Let’s start this piece with a little thought experiment.
I am a 19 year old white male from a suburban New Jersey town. I worked my way up to become the Opinion Editor of The Chronicle during my first year of college. I am currently the one who has the final say on opinions published in the newspaper, but does that make me qualified to speak thoughtfully about abortion? Or racial injustice? Most people, myself included, would say no.
However, in today’s age of social media, many believe that there are no limits to the topics we can share our views on. A recent example is how social media reacted to the death of Queen Elizabeth II. As the UK mourned its monarch of more than seven decades, many took to Twitter to poke fun at the late Queen’s passing.
An example of this was used in a recent Newsweek article, where they mentioned a tweet from the comedian Tim Heidecker which read, “If you think the queen’s death and the raid on Mar a Lago are just a coincidence, you’re a fucking fool.
It shows how much people today feel the need to insert their opinion into any discussion, no matter how unnecessary or irrelevant, strictly because they have the opportunity to do so.
In a country where the importance of disinformation can cause people’s understanding of the media to decline, what we as a society must avoid is that someone’s uninformed opinion contributes to the fight we face as a nation. If someone is informed on a certain topic, I believe that adds to a more informed population, something that can benefit us all in the future.
Before social media, if you wanted to share your opinion on the news, you would tell your friends or maybe submit an article like this to a local newspaper. But now, as soon as something big happens, people flock to their nearest keyboard and start slamming things that don’t concern them.
I would say I am guilty of this myself. I share my opinion all the time, whether in this column, or when I complain about sport on Twitter or Instagram. I will never be a professional footballer, so who am I to criticize their efforts? You could even say that this whole piece is hypocritical in its nature. Although I am the opinion editor, I should not be the one to invalidate opinions that others might have. But, in my own defense, I think there’s a pretty thick line that we can all walk on, and I take that line to heart in the position I occupy.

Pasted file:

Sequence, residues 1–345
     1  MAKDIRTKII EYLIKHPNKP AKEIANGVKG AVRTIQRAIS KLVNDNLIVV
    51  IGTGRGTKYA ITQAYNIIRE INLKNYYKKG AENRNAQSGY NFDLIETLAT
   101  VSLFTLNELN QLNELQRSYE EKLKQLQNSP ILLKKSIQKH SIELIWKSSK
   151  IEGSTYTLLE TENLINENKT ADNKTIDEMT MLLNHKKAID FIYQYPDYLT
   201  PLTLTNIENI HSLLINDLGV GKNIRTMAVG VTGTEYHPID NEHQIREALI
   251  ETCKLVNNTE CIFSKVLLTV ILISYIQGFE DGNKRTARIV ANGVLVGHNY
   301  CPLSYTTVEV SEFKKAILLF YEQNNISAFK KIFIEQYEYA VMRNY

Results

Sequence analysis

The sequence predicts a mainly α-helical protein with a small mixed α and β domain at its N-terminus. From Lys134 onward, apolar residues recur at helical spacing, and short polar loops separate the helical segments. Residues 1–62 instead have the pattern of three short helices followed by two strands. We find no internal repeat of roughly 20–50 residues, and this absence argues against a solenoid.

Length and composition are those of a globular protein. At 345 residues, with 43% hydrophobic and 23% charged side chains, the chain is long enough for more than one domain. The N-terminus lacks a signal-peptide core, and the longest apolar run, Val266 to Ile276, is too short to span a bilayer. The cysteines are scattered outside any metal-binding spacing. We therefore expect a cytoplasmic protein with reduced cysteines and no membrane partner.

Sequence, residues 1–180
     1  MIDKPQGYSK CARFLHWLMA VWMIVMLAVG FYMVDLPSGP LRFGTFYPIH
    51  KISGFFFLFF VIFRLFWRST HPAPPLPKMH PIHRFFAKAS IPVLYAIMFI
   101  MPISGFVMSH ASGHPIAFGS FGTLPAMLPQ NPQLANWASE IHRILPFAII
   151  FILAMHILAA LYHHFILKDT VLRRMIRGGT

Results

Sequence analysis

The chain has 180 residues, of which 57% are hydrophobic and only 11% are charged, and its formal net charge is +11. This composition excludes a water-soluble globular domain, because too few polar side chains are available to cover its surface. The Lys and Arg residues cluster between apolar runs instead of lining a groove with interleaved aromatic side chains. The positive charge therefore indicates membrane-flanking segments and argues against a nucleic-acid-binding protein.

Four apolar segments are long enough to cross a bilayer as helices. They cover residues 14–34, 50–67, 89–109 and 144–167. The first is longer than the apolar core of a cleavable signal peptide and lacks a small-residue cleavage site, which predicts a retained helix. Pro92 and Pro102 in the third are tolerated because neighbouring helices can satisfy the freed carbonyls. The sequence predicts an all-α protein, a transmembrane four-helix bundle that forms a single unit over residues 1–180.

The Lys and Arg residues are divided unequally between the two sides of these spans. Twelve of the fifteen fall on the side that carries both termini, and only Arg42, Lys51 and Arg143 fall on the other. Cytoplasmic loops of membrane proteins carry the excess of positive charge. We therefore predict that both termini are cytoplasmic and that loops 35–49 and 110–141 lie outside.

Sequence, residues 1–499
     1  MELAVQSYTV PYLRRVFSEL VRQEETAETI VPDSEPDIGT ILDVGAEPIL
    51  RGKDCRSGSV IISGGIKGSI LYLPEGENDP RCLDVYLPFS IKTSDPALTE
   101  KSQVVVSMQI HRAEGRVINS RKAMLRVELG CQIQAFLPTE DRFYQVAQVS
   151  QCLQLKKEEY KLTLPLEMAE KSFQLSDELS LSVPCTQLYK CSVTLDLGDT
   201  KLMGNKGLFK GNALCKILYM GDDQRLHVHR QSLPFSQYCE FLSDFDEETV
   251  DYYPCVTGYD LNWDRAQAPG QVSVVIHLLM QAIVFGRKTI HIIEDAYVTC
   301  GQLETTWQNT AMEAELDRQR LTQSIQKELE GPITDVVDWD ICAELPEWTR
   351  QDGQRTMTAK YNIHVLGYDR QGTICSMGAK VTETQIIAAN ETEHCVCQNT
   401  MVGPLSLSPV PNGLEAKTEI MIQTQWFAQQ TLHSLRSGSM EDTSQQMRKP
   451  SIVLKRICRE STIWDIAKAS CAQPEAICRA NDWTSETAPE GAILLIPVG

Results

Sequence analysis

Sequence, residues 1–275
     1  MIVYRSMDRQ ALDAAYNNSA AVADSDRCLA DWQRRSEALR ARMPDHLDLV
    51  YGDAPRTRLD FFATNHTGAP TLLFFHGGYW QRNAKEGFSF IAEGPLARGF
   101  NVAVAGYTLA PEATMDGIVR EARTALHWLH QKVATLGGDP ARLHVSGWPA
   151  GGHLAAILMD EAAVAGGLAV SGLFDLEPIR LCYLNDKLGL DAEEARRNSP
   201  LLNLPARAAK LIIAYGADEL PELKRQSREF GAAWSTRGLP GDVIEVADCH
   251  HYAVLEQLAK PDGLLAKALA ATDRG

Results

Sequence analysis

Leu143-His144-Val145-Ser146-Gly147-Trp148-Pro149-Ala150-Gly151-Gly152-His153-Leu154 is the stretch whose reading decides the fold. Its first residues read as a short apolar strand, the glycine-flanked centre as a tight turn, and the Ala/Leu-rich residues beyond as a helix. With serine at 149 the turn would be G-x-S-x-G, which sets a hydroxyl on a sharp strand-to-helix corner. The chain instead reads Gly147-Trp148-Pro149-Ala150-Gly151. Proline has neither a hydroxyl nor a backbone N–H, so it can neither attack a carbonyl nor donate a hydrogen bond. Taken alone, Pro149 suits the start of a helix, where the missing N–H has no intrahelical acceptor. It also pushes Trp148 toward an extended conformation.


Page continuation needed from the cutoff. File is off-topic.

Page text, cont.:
When the Supreme Court’s draft opinion regarding the overturning of Roe v. Wade was released in May, I knew I wanted to post in my section about it. At that moment, I knew I had nothing worth saying, so I said nothing. Instead, The Chronicle’s editor, Nicole McIsaac, chose to voice her own point of view, and I believe our publication was all the better for it. The audience was able to hear the opinion of someone who has a personal connection to the subject rather than someone who would only prove that they know nothing about the subject in question.
In this world, everyone is entitled to have an opinion, and that’s something I will maintain for the rest of my life. However, there are people more qualified than others to make these opinions public. For example, I would trust a Quinnipiac University School of Business professor’s opinion on the state of the economy more than a high school freshman’s opinion.
It was in this state of mind that I took when I received the opinion of McIsaac. I knew she could produce an article a million times more valuable to the public than anything I could have hoped to write on the subject. And I was fine with that. It’s normal to feel that way.
I believe that as a society we need to learn that while we all have our preconceptions about anything, we don’t always have to voice them. I think we should all take a step back and let those who are more qualified do the talking. And if you’re that qualified person, definitely shout your opinions from the rooftops, but think first. It’s not too hard to say.